But the label of “Freethought” has also been attacked by religious and is seen as analogous to the term, “free love”. In ‘free love’ all sex is permissible, so it seems that “Freethought” could mean that any sort of belief is also permissible, which is hardly a skeptical or scientific position.

So this movement is still missing a label. There are many labels to choose from, but this community is not used to blind acceptance – we won’t accept a label merely because it is advocated by our mentors or heroes.

This lack of a label is a problem because we lack a common banner to join under, and so remain somewhat disorganized. But it may also be an advantage, because if we did form a cohesive group then the leaders of the organization could hijack it for their own benefit. We have seen this happen with religious groups hijacked for the gain of ministers or political candidates.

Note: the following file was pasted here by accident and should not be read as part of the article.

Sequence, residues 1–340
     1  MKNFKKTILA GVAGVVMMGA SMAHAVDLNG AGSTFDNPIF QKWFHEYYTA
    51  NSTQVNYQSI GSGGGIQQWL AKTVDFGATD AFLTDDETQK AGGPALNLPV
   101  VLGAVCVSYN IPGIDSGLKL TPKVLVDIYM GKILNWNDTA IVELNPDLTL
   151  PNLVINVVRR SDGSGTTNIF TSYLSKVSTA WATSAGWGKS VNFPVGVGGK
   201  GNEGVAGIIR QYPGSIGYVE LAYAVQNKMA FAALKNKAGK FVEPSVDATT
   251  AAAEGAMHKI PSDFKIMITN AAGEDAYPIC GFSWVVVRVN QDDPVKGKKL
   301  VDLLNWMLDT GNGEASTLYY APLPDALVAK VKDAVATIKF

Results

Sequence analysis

And with this observation I admit that I’m not helping here. We still lack a cohesive label that would bind together this growing grassroots movement of scientific, skeptical non-believers. Perhaps there must be many labels to indicate the different focus that individuals hold, while at the same time an acknowledgement that we are all on the same “team”. A multitude of like-minded groups organized under different banners would provide needed checks and balances that religious groups seem to have lost.

So perhaps the lack of a single label for rational, non-believing skeptics is a good thing.